NASA Optimus Prime Spinoff Award Contest Open

Optimus Prime
Did you know that space technology is all around you? For example, the heart defibrillator and purified water are technologies developed by NASA engineers, scientists and innovators. NASA is required to share its technologies with the public. The public then can take these technologies and make them into something that you can use around your house, at school or even on the road. These are known as spinoffs.

NASA is collaborating with Hasbro using the correlation between the popular Transformers brand and spinoffs from NASA technologies. The OPTIMUS PRIME Spinoff Award promotes NASA spinoffs, recognizes innovation through technology transfer and promotes innovative communication of spinoff stories to the public through video. The OPTIMUS PRIME Spinoff Award serves to acknowledge the contribution of both NASA innovators and the companies that spun-off NASA technology for commercial applications, as well as to educate America’s youth about the benefits of NASA spinoff technology.

This is a video contest for students from third to eighth grade. Each student, or group of students, will submit a three- to five-minute video on a selected NASA spinoff technology listed in the 2009 Spinoff publication. Videos must demonstrate an understanding of the NASA spinoff technology and the associated NASA mission, as well as the commercial application and public benefit associated with the “transformed” technology. Video entries are due by December 31.

For more information about NASA Spinoffs check out the Spinoff Spotlight.

Link to the NASA Explorer Schools Virtual Campus website. 

Forest Lake Elementary Technology Magnet School featured on NBC Nightly News

Forest Lake Elementary Technology Magnet School (Columbia, South Carolina), a NASA Explorer Schools project participant since 2006, was featured on the “NBC Nightly News” on Oct. 1 as part of a week-long series on trends and innovation in education. The team at Forest Lake has won numerous accolades for turning the school’s performance around by using innovative teaching methods. The staff credits the NES project as one of their main catalysts.

View the video clip.

Link to the NASA Explorer Schools Virtual Campus website.

NASA Endeavor Science Teaching Certificate Project: K-12 Educator Fellowships

As part of NASA’s commitment to the effective preparation of science teachers, educators are invited to apply to become a NASA Endeavor Fellow. Each fellow is fully funded to complete five graduate courses in an innovative, online format. In these courses, participants learn to apply research-based pedagogical strategies and cutting-edge STEM (science, technology, engineering and mathematics) content to their classroom. Applications for Cohort 3 will be accepted through Oct. 15, 2010.

Link to the NASA Explorer Schools Virtual Campus website.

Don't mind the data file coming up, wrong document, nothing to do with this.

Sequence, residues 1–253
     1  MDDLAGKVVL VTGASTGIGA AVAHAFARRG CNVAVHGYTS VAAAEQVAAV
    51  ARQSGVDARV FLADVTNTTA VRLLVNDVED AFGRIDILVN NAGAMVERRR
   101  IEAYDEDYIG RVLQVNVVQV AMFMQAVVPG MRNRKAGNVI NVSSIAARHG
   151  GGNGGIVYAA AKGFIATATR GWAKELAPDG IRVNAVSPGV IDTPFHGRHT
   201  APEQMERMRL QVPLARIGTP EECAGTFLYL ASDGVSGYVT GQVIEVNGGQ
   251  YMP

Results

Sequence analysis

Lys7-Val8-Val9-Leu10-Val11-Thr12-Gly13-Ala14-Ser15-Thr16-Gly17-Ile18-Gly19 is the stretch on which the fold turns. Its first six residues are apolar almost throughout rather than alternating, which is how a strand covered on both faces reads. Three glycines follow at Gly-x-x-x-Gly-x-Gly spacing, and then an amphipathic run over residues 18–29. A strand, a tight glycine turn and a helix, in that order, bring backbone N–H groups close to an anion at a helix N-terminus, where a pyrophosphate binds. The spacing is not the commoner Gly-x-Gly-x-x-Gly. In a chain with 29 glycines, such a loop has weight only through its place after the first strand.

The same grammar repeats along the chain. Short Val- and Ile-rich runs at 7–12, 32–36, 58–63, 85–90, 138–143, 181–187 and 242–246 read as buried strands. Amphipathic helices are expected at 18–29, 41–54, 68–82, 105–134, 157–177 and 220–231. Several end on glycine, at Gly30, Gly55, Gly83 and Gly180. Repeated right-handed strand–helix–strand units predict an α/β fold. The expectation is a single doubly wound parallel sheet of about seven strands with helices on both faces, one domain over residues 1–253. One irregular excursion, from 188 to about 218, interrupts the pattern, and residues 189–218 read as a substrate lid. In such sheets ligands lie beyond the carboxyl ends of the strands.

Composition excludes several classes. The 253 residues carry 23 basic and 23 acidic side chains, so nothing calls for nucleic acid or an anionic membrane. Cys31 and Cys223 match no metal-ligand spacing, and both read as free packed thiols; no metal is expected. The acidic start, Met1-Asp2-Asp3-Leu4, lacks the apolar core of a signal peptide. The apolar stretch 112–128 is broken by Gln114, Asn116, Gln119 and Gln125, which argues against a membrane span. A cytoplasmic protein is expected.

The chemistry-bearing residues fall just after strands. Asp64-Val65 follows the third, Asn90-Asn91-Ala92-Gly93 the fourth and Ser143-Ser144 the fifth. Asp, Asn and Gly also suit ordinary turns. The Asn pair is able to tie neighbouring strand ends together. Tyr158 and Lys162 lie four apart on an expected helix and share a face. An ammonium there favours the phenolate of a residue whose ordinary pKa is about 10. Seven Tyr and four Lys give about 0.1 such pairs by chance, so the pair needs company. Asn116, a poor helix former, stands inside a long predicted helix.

NASA Now: Robonaut 2

NASA and partner General Motors are preparing to launch the first humanlike robot into space. Scheduled for launch aboard STS-133 in early November 2010, Robonaut 2 is a dexterous humanoid robot built and designed at NASA’s Johnson Space Center in Houston, Texas. The 300-pound Robonaut 2, nicknamed R2, will be the first permanent resident of the International Space Station.

This NASA Now event, available on the NES Virtual campus beginning Oct. 6, 2010, features Josh Mehling, Lead Mechanical Engineer on the Robonaut 2 project at NASA Johnson Space Center. Mehling presents information about the challenges of engineering, designing and building Robonaut 2 and provides the latest information about the robot’s assigned tasks onboard the International Space Station.

For more information about Robonaut 2, visit

Link to the NASA Explorer Schools Virtual Campus home page.

NASA Education Blog, Taking Up Space, Is Going to the International Space Station

NASA Educational Technology Services announces a new blog for high school and college students called  “Taking Up Space.” The purpose of the blog is to tell stories and happenings with engineers, scientists, astronauts and many others who work at NASA. Sometimes the stories will just be about cool things going on at NASA and how to get involved with what’s going on. 
An exciting blog entry, posted on Sept. 29, 2010, describes an upcoming event occurring during space shuttle mission STS-133 early in November. NASA writer Heather Smith will talk with an astronaut via an International Space Station educational downlink and is inviting students to visit her “Taking Up Space” social media sites to help her decide which questions to ask. Visit the following sites for more information and to vote for favorite topics and questions.
Social media sites and promotions:

The deadline for participating is Tuesday, Oct. 12.